The Natural Marketing Institute (NMI), which presented its latest findings at the IFT trade show in Orlando last month, identified a 'Well Being' sector of the population as the most health active.
According to the market researcher, 83 percent of Americans feel there is a connection between diet and health, which suggests that there is a definite "healthy consciousness" in the country.
But nutrition is not the only crucial factor consumers are looking for in food and beverage products. The nation's most health active segment, made up of a quarter of the population, is choosing brands based on corporate values, said NMI. Consumers in this category want to relate to the companies they buy from, and this often comes before price on their list of priorities.
The slightly smaller 'Food Actives' segment is the second major category driving growth in the health and wellness market. These consumers focus on a balance between nutrition and exercise, and are often following doctors' recommendations when it comes to the types of foods they choose to eat.
Other segments identified by NMI include the 'Magic Bullets', who are looking for a magic pill that will do it all. "They do want health, they just want it easy," said NMI's president Maryellen Molyneaux.
'Fence Sitters' are consumers know what they need for a healthy lifestyle, but "don't always get round to it" , while the largest segment of US consumers- just over a quarter- are classified as the least health active 'Eat, Drink and be Merrys'.
According to Molyneaux, the healthy foods market in the US is currently valued at $79bn. And when it comes to conditions that consumers are most concerned about preventing, heart disease comes top of the list for around three quarters of Americans, followed by vision problems and lack of energy. Obesity, arthritis and high cholesterol follow close behind.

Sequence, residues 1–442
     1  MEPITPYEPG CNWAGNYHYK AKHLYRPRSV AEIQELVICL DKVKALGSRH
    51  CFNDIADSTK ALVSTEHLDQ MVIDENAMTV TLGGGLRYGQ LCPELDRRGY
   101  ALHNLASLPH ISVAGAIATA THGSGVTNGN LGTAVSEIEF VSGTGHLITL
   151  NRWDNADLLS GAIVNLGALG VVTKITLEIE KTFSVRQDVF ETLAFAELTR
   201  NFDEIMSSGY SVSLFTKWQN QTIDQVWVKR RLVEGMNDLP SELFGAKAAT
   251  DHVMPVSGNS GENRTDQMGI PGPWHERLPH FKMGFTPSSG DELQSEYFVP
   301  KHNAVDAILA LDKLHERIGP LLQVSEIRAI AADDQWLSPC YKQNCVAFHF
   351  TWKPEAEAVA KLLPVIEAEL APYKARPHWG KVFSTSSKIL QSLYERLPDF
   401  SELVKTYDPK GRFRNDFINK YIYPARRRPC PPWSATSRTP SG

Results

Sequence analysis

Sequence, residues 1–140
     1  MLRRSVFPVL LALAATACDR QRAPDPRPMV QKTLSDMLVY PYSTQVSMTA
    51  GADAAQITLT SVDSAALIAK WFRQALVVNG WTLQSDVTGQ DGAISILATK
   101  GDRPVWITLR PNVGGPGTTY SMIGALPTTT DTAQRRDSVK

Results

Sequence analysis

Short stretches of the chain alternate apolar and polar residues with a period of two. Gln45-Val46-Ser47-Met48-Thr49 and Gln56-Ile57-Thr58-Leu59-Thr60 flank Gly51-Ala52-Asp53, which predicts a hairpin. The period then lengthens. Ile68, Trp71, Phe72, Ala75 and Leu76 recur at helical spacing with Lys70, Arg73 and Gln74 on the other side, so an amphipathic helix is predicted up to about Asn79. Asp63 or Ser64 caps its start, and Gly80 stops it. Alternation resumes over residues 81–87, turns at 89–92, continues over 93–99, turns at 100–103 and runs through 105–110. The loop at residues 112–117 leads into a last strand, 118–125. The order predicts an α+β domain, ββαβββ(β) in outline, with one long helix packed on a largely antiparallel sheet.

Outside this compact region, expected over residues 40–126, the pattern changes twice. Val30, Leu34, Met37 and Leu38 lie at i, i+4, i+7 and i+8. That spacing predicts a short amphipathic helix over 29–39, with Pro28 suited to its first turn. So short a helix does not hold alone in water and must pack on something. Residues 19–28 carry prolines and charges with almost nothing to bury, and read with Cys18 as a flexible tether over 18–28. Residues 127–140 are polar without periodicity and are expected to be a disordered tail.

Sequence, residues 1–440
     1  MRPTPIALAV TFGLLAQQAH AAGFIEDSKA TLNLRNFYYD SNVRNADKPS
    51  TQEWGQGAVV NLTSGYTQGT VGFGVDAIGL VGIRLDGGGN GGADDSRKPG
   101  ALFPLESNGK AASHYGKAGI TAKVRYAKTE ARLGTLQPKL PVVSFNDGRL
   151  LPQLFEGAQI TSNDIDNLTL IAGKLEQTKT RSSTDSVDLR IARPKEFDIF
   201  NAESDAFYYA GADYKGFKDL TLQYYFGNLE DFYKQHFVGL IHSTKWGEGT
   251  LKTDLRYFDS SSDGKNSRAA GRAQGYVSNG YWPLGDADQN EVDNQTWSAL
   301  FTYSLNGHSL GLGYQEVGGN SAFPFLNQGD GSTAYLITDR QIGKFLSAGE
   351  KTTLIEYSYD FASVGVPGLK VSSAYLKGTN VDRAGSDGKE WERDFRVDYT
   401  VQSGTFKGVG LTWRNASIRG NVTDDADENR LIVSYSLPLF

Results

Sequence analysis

Some of the major trends identified by NMI in the health and wellness segment include immunity and omega-3 - "excellent mass market opportunities" - which show "no signs of slowing down".
Molyneaux also stressed the importance of dietary balance, revealing that an equal number of consumers- almost seven out of ten- have avoided some foods and added other foods to their diets in order to eat healthier.
The main things avoided by consumers include trans fats and carbohydrates, while heart healthy foods and high fiber foods are most likely to be added to a diet for the sake of health. Consumers are also careful about foods that keep blood sugar stable, said Molyneaux.
And when it comes to parents monitoring the diets of their children, the top concern remains sugar, with over half of parents trying to limit their child's intake of sugar. This is also connected to the fact that dental cavities is the primary worry of around half of American parents, compared to a quarter of parents who are mainly concerned about diabetes. And some 20 percent of parents are concerned about obesity. According to NMI, there are "new emerging markets for kids in weight, energy, mood, concentration and glycemic index."
Parents are also keeping a close eye on the salt content of foods, as well as the artificial colors, preservatives and flavors in products.
Molyneaux also touched upon organic foods in her presentation last month, revealing that almost 60 percent of consumers have used organic products over the past year, primarily chosen as a 'better-for-me' option and to avoid chemicals, hormones and antibiotics.
The overall organic market is currently valued at about $13bn, and is forecast to reach $20bn by 2009.
NMI separated organic consumers into three main categories: 'Devoteds', made up of almost 28 million adults with 35 percent spending power, who are committed organic buyers, having integrated the products into their lifestyle, with high usage and spending rates; 'Temperates', made up of 54 million adults who account for 38 percent of spending. These consumers are described as pragmatists, with moderate organic attitudes, fitting organic products into their existing lifestyle; and 'Dabblers'- around 42 percent of consumers who account for 27 percent of spending and who are described as "non-committal", "disproportionately male" and "more about hipness than health".
"Wal-Mart thinks the 'Temperates' are the opportunity, but in my opinion this category is not buying enough. The 'Devoteds' are the ones buying more, and this is where I see the opportunity," said Molyneaux.
Molyneaux was speaking as part of a "Trending Toward Tomorrow" presentation at the IFT. The event included talks by AC Nielsen's Robert Gannon, who presented a global overview of growth markets, and NPD's Harry Balzer, who discussed eating patterns in America.